University of Manchester to review fossil fuel shares after student protest | Education
The University of Manchester has said it will review its £12m investment in fossil fuel firms after a seven-day protest by students who threatened to go on hunger strike.
Students from the protest group People and Planet had occupied one of the university’s buildings for the past week in a demonstration against its multimillion-pound investment in fossil fuel companies.
The university said it recognised “the urgency of the issue” and committed to bringing forward a review of its investment portfolio.
A freedom of information request by People and Planet found that the University of Manchester, one of Britain’s biggest academic institutions, owned nearly £12m worth of shares in fossil fuel companies despite claiming it was committed to being a “world leader in sustainable development”.
The announcement follows divestment pledges by several big universities in recent years, including the University of York last month, Durham University, Cardiff University and Bristol University in 2018. Student pressure has played a key role in these decisions, with many of them coming after significant student-led campaigns.
Lizzy Haughton, of Manchester University’s students’ union, said significant progress had been made despite the university’s reluctance to commit to full divestment: “They don’t want to say it out loud, but divesting has to be a part of decarbonising the investment portfolio, so it goes beyond divestment.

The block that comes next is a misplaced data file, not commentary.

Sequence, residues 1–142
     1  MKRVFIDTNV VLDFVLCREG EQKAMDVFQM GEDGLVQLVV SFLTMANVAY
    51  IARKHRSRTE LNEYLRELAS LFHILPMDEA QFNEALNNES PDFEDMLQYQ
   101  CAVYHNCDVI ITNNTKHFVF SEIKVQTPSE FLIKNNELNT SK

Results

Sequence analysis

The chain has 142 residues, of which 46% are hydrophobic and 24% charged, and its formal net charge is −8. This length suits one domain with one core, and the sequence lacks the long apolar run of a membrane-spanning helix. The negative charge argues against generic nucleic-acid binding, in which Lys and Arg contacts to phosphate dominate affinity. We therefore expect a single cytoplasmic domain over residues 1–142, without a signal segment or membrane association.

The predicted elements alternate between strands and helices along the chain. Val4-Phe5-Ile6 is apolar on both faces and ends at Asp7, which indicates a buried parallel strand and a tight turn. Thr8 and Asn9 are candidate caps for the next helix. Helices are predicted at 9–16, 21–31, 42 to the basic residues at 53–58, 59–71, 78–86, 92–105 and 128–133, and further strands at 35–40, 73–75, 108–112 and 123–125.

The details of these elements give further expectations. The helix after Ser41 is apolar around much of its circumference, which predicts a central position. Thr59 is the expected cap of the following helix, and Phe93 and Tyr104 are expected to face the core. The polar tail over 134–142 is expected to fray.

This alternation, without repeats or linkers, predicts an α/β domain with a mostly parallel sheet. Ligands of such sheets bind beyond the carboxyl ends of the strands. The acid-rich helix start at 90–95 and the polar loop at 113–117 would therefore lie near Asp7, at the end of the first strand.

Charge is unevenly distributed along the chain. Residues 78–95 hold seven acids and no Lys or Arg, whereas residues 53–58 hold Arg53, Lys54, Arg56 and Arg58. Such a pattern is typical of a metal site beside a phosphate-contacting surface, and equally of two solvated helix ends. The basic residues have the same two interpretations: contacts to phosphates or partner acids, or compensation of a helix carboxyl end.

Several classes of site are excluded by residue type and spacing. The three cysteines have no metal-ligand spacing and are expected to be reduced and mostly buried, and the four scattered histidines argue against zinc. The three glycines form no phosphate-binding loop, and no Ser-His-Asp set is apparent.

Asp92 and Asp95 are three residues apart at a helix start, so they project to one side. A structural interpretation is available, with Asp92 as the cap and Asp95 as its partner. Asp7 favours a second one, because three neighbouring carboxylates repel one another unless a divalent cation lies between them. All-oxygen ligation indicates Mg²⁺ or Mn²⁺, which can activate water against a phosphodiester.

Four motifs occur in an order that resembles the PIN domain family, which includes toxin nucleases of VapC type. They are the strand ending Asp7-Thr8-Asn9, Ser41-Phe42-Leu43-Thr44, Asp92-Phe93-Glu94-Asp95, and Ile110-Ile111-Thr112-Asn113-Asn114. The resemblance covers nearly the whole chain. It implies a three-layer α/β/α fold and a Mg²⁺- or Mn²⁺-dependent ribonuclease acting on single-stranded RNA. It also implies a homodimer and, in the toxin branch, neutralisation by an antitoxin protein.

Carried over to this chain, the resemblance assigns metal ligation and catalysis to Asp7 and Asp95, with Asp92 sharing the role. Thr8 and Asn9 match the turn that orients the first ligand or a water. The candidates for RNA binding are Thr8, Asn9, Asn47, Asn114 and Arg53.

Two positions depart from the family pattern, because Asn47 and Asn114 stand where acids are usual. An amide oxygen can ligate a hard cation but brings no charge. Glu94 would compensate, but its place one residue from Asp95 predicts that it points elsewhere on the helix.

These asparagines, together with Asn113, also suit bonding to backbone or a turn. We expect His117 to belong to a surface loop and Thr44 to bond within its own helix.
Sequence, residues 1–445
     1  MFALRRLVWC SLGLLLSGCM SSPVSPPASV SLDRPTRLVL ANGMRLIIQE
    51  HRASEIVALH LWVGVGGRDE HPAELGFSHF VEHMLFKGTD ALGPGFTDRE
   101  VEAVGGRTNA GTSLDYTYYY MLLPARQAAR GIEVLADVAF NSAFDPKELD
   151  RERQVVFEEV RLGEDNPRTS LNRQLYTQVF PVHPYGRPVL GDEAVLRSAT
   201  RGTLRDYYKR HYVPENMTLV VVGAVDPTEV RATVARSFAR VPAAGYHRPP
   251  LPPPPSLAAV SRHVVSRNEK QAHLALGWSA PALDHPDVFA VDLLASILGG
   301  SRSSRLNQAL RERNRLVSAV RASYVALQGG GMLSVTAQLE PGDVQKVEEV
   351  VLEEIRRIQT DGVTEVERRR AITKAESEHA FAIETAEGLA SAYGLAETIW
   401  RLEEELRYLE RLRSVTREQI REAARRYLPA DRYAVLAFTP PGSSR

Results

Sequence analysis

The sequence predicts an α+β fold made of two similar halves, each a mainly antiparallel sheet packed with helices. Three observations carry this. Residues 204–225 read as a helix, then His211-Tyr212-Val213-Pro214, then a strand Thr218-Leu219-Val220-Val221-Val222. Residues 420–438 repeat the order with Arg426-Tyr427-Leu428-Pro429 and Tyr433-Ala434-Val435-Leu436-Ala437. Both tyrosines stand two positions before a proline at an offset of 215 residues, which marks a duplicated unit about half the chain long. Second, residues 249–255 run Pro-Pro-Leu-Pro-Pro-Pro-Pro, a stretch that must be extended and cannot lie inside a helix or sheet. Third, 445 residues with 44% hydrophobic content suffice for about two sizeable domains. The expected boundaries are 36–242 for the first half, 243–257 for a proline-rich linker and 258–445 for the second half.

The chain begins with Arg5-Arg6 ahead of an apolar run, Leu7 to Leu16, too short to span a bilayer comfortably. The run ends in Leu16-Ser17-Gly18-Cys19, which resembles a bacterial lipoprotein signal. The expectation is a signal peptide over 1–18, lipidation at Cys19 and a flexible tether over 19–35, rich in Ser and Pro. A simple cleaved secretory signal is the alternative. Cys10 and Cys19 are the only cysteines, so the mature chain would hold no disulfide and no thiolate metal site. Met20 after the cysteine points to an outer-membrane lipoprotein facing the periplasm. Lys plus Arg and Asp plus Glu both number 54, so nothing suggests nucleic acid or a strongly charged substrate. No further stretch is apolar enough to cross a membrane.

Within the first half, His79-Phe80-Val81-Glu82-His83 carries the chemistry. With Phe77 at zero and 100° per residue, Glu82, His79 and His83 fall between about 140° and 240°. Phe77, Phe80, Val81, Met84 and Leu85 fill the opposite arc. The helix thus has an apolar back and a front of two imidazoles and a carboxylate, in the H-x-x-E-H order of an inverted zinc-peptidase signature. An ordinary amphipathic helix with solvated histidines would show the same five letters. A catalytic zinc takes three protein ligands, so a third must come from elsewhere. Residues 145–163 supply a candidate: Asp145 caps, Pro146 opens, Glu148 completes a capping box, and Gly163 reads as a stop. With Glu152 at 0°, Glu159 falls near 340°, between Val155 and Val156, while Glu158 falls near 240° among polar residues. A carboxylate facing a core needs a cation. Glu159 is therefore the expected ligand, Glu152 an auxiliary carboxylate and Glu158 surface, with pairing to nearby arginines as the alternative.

“We haven’t won yet. There’s very little trust between the students and the university to do all of this, but it’s the biggest shift that we’ve seen since the campaign started.”
In a joint statement, the University of Manchester and the students’ union said: “The university has committed to bring forward by a year the review of its SRIP [socially responsible investment policy] because of the shared recognition of the urgency of the issue.
“This review will be completed before 31 July 2020 for implementation from 1 August 2020. There will be meaningful engagement with the wider student, staff and alumni bodies as part of this review.”
People and Planet called off the week-long demonstration following the university’s commitment. The group said the decision to end the occupation had “not been taken lightly” but it accepted the university’s statement “because of the enormous potential it offers, which could go far further than simply divestment from fossil fuel companies”.
Speaking to the university’s student newspaper, the Mancunian, immediately after the occupation ended, the students said they felt they were treated badly by the university, who they said had blocked their access to food and other supplies during the course of the week. “I think they forgot we are students of theirs,” said one of the activists, Neriya Ben-Dor.